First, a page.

From orcas to stealthy submarines, there are hidden worlds filled with amazing secrets just below Alaska’s waterline.
Imagine the scene, here at the top of the world. Your ship plows the waters off the Alaskan Coast. From the vantage point of her deck, your eye turns to the wonders of the land: the stark peaks of the Chugach Mountains bordering the Gulf; brown bears roaming the islands of Prince William Sound; tidewater glaciers towering bluewhite, reflected in the rippling surface of the Kenai Fjords.
And under the surface? Mystery. Ocean temperatures here don’t rise much above 50° F even in midsummer. In winter, the water temperature hovers around freezing; it’s an environment seemingly as inimical to life as the surface of the moon.
But life, as they say, finds a way. Far below the keel and the whirling propellers, fathoms down in the frigid North Pacific, where it’s sunless and silent, there is constant activity of marine life and human endeavor — most of it unseen. Look a little deeper.
It takes a fearless creature to thrive in these icy waters, and there are few creatures as fierce as the orca. These massive predators, also known as killer whales, can reach lengths of up to 26 feet. They prefer coastal waters to the profound depths of the open ocean, as they must surface periodically to breathe.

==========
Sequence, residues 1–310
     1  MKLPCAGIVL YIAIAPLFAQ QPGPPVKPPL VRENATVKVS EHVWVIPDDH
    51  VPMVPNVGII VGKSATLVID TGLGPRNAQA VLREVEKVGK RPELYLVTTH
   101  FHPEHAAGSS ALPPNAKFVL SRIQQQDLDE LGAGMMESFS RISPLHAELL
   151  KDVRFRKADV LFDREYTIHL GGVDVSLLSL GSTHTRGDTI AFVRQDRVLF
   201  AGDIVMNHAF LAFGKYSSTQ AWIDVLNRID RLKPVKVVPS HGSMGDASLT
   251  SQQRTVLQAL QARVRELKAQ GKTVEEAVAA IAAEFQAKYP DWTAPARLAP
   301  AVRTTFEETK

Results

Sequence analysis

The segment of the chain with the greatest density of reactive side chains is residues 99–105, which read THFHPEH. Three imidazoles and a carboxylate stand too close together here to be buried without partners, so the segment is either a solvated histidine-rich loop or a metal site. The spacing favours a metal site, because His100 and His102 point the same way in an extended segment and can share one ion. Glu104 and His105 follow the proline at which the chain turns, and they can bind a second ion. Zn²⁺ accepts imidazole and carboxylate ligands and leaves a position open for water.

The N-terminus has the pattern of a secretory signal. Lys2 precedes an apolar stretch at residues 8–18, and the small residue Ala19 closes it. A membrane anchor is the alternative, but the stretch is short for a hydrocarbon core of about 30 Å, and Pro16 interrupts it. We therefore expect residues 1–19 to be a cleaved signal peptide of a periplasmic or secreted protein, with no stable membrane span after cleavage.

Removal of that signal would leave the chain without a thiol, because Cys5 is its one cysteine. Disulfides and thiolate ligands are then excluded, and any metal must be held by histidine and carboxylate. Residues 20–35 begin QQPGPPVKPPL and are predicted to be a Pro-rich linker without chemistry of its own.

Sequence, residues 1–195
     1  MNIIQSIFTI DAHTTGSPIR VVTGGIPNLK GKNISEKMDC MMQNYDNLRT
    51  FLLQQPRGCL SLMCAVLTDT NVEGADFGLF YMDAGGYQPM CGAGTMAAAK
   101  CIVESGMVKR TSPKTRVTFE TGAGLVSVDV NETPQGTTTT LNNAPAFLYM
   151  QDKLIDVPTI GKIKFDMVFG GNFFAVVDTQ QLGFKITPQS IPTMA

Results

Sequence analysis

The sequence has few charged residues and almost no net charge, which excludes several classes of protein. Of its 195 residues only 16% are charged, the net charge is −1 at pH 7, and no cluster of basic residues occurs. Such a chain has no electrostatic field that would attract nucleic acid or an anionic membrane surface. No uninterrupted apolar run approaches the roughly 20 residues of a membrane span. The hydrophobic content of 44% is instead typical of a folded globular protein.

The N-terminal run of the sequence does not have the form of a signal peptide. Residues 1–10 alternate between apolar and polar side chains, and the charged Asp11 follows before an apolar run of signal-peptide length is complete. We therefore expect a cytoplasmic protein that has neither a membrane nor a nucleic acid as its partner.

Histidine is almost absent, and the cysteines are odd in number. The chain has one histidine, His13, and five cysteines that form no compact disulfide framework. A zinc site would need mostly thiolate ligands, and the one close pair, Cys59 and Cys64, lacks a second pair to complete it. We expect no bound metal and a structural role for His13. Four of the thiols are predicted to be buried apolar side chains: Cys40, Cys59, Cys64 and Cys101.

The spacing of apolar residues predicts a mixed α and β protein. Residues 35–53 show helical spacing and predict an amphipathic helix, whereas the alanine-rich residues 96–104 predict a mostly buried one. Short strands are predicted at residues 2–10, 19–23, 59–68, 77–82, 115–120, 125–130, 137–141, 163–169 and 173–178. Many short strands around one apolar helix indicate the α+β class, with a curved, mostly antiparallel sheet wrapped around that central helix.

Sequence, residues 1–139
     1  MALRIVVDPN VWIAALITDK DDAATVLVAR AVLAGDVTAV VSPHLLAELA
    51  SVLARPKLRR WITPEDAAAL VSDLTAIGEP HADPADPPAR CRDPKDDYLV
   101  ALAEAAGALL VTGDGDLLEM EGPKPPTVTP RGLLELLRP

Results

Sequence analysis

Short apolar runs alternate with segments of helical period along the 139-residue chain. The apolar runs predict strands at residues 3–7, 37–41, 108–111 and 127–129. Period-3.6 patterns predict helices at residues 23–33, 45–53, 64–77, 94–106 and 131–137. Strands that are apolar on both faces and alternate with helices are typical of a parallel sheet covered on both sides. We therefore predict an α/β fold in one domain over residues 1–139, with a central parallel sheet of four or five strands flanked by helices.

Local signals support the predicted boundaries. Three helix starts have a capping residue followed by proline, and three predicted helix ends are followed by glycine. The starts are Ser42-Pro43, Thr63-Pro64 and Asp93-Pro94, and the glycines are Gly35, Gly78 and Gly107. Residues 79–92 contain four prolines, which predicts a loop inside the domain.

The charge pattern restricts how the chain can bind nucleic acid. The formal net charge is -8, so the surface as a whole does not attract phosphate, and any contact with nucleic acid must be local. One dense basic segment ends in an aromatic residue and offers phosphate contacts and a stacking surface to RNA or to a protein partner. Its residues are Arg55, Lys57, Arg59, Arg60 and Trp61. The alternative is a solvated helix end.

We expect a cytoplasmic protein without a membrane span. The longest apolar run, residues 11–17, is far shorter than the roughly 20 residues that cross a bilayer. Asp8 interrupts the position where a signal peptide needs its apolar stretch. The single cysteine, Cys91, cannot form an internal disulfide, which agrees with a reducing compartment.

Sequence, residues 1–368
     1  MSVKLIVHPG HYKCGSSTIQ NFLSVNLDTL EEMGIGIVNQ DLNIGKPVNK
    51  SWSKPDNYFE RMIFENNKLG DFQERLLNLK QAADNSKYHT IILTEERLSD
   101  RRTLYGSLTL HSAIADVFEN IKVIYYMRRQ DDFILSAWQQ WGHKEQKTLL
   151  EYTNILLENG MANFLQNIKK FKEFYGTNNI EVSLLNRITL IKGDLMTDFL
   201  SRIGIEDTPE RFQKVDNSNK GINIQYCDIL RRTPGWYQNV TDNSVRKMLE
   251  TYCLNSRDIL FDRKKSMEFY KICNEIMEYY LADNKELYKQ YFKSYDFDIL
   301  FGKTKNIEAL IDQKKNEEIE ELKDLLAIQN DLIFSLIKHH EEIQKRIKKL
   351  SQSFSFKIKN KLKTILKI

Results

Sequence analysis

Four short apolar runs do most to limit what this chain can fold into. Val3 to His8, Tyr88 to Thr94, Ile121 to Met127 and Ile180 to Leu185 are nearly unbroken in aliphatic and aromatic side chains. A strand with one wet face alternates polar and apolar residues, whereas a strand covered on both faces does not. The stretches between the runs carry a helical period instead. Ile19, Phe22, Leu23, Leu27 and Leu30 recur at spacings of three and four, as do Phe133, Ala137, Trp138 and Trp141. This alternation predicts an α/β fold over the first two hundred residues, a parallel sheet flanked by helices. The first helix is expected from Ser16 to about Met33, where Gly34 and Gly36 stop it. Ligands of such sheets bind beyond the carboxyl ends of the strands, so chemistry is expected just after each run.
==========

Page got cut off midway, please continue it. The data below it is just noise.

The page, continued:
The orca’s powerful jaws and teeth mark them as kin to dolphins. Their appetites are as undiscriminating and vast. With no predators but man, orcas will feast on schooling fish, seals, sea lions, rays and the smaller species of baleen whales. They have even been documented preying on the great white shark.
Though their effective range stretches nearly from pole to pole, orcas are particularly associated with the oceans of the North, where they’ve been a subject of fascination — even worship — among indigenous peoples. The people of Vancouver Island regarded them as the reincarnated souls of great chiefs. The Haida, native to the Alaskan panhandle and Haida Gwaii (formerly Queen Charlotte Islands), held that orcas were shape shifters. Their stories tell of splendid undersea towns ruled by benevolent orcas in human form; the souls of departed sailors were said to dwell among them.